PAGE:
Back to the Future for New Vet Grads?
By Missy King, VMD
When I graduated from vet school 9 years ago, everyone I spoke with seemed to have a first-year-out horror story. Stories abounded of new graduates taking a job only to find their bosses quickly skip out for vacation or announce retirement. Equally as common were the stories of new grads being scheduled to perform surgeries they had never done before. They were advised to have the technician flip the pages of Fossum as they read how to perform the procedure.
Nine years later, with complaints to state boards continually rising and lawsuits and negative social media reviews at the forefront of all of our minds, many owners and medical directors seem to understand that this old way of “onboarding” a new grad is no longer appropriate. It’s too risky. At the same time, new grads are now actively expecting some form of mentorship in their first jobs.
So, while we’ve identified what is not appropriate (trial by fire) and what would be the ideal (clear mentorship) for our newest colleagues, we are still a far way off from solving the question of, “What do we do with new graduates?” We know what they want. We know what they need. However, we haven’t evolved as a profession to a place where we know how to reliably provide them these things that they and their patients are deserving of.
Barriers at play are multi-factorial. In order to be able to properly mentor a new vet, you have to be willing to step away from your own cases and slow down quite a bit. Given that so many in our profession work on some form of commission, slowing down and stepping back effects your paycheck. Most vets are not in a financial position to be able to do that, even if they want to.
And, if we assume for a moment that a vet is in a position to take a pay cut, we need to consider that she is already likely stretched too thin. As a profession, we are often pulled in 3 directions at once, understaffed and overworked with a pile of callbacks to make before the night is over. How can we expect our associates to take on the large and time-consuming task of training and mentoring as well?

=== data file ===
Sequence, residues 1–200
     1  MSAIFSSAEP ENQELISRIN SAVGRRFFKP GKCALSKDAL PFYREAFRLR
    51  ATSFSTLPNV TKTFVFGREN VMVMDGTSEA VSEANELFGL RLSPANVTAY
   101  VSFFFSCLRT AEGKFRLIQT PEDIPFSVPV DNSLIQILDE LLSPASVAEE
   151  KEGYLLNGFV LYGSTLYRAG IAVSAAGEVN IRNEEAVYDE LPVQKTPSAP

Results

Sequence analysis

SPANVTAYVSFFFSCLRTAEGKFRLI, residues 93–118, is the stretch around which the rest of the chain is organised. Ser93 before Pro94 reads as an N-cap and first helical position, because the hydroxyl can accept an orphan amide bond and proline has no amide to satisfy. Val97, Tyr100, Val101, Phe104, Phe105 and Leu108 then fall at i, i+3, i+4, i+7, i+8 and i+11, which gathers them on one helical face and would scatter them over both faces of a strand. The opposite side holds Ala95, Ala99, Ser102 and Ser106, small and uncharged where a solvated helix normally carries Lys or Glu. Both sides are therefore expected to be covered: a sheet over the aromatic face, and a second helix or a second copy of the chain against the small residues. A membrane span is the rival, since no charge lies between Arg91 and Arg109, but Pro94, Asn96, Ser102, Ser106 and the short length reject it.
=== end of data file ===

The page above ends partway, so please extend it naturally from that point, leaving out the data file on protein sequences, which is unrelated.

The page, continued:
It’s true that some new grads get lucky and find a position with an owner who is an amazing mentor. However, that is sadly the exception and not the rule. The common theme is that many are looking towards internships because they simply don’t feel ready to be out on their own in practice yet.
While I could argue that perhaps this model is appropriate as it seems to work in the human medical profession, we are leaving out the all-important factor that so many vets don’t consider (or understand) clearly enough. Our debt-to-income ratio is rising to insurmountable levels. Adding on another year of training working 60-80 hours per week at what ends up classifying as poverty-level income, is trading in one problem (not feeling ready for general practice) while enhancing another (getting even more mired in debt). At the end of the day, we are failing our newest colleagues by allowing them to graduate into a profession that has no clear place for them.
At Indevets, we are attempting a completely novel approach to help bridge the gap. We are launching a first-of-its-kind rotating mentorship program within our company where we pair our new graduates with several of our vets to move through various clinics together, initially as a team.
This program progresses over the course of several months, beginning by working together as a unit and then slowly splitting into two. It allows a new graduate a guaranteed partner, whose sole purpose is to be there with them and for them. It allows an extra set of hands to scrub into surgery and teach techniques and offer pearls of wisdom. Perhaps most importantly, it provides better quality of patient care, as our hope is to help our new graduates avoid the mistakes and pitfalls that most of us succumbed to.
Our hope is that as a profession we can agree that allowing new vets to graduate into old times is far from appropriate and arguably detrimental to their well being and the care of their patients. At some point we need to make the conscious decision to advance from old to new and embrace a model of support and guidance instead of sink or swim. Too many of us are drowning and the water is only getting rougher.